US: More progress needed for Bangladesh to regain GSP
The US has indicated that "much more work" is still needed to improve Bangladesh's labour standards before the Generalized System of Preference (GSP) benefits can be reinstated.
A joint federal agency statement issued to mark the first anniversary of the collapse of the Rana Plaza factory building complex, highlights a number of lingering concerns about basic worker rights in the country.
These include concerns about basic worker rights protections under both Bangladesh's labour law and its special Export Processing Zone law, say the US Agency for International Development, the Department of State, the Office of the US Trade Representative, and the Department of Labor.
They also note that "Bangladesh government's hiring of inspectors is lagging, and the results of inspections need to be made publicly available on an easily accessible database. The government of Bangladesh must also do more to ensure protection when workers face intimidation and reprisals for trying to organize.
"Addressing these issues would help workers secure safer working conditions and better wages and enable Bangladesh to realize its full economic potential."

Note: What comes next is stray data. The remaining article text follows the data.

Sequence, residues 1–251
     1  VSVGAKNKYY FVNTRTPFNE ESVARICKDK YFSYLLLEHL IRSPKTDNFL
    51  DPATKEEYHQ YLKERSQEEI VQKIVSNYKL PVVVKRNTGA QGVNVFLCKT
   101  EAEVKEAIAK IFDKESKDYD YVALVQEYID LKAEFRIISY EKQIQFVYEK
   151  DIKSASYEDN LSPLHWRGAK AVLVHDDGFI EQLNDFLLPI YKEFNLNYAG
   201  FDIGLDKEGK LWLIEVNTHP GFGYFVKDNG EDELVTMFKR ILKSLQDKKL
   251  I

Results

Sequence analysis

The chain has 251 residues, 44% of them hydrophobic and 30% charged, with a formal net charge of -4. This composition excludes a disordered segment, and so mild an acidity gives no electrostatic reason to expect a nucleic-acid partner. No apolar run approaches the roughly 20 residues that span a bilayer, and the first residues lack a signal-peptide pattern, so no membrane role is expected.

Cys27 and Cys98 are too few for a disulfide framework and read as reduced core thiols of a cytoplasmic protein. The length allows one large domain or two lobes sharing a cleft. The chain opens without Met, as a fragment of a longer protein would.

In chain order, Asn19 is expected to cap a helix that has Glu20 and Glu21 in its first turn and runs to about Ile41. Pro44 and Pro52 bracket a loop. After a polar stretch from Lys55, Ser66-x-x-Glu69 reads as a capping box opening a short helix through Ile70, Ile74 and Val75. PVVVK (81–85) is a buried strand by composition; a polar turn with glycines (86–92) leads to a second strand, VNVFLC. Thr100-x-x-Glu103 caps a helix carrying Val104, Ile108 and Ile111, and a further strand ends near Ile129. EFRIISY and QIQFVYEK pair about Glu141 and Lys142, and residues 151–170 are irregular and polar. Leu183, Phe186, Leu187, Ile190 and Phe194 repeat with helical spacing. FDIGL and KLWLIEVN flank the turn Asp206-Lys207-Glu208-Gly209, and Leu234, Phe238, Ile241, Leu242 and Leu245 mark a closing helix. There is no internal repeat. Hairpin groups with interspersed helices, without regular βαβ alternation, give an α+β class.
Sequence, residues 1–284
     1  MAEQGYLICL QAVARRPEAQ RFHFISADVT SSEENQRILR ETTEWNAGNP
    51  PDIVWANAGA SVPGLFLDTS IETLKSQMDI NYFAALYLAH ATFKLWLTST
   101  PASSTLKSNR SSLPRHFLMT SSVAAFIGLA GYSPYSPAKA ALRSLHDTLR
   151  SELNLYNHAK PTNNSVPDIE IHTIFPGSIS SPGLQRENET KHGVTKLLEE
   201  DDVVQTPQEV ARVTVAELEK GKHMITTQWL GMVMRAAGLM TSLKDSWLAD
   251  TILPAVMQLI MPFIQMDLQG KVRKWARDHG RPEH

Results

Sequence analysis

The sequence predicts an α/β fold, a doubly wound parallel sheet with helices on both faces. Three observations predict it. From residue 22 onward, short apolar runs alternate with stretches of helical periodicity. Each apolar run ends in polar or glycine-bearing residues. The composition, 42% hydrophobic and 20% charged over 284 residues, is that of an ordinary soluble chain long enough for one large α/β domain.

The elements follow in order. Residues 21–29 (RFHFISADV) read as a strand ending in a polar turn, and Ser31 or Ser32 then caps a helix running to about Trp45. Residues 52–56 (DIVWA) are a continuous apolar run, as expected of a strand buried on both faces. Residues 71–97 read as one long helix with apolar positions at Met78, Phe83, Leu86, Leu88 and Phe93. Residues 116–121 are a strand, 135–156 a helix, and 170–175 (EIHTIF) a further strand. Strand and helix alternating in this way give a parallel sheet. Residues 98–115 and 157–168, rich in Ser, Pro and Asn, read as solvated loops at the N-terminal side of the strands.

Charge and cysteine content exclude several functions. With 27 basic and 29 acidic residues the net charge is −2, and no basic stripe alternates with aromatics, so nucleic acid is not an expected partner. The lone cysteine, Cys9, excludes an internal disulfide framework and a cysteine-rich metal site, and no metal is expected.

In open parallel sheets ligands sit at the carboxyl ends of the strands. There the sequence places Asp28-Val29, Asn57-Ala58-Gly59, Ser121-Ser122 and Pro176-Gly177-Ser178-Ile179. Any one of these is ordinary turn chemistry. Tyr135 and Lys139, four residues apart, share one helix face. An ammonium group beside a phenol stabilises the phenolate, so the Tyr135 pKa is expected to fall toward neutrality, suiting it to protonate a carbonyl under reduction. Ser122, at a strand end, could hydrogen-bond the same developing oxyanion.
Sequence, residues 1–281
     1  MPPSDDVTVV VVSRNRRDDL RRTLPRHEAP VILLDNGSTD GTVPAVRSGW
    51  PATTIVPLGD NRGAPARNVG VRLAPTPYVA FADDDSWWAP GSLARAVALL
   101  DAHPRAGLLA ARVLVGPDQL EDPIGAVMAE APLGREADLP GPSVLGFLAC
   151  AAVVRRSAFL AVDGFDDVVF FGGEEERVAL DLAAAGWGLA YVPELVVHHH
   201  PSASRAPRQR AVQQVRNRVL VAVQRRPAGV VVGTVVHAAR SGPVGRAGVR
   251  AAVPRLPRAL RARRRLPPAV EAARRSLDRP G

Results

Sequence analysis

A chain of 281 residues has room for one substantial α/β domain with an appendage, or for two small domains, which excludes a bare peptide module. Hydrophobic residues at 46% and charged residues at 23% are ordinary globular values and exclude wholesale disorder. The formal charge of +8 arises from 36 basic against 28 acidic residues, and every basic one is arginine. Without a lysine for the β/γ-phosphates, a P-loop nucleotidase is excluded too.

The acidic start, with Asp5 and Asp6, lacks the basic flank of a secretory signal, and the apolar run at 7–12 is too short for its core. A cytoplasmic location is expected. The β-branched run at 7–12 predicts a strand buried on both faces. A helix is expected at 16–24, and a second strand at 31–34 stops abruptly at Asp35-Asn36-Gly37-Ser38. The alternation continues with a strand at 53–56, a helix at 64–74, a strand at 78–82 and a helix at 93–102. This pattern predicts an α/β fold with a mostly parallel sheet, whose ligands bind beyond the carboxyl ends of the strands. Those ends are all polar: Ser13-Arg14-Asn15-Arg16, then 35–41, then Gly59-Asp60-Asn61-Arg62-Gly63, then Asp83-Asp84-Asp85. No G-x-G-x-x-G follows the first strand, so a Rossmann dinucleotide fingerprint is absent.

The US suspended GSP benefits to Bangladesh in June 2013, citing "serious shortcomings" in safety and labour standards following the collapse of the Rana Plaza building.
At the time, it set out an Action Plan listing specific steps that Bangladesh should take before GSP benefits were reinstated - including improved labour, fire, and building standards, the removal of obstacles to freedom of association and collective bargaining, and reforming its labour laws.
The US agencies acknowledge that progress has been made in some areas - including the registering of over 140 unions, re-registration of a leading labour rights non-governmental organisation, an ambitious plan for safety inspections and factory-level monitoring and remediation across the garment sector in collaboration with the ILO, the hiring of new labor inspectors, and conducting preliminary safety inspections.
However, the comments come ahead of a second hearing scheduled next month to consider renewal of the system. A first hearing in February this year also said much more needs to be done to comply with the US action plan.
While the GSP system allows the export of certain goods to the US duty-free, it has little impact on apparel and instead offers relief to products like tobacco, sports equipment, china kitchenware and plastic articles.
But suspension of the system was intended to send out a powerful signal to the Bangladeshi government and business leaders.
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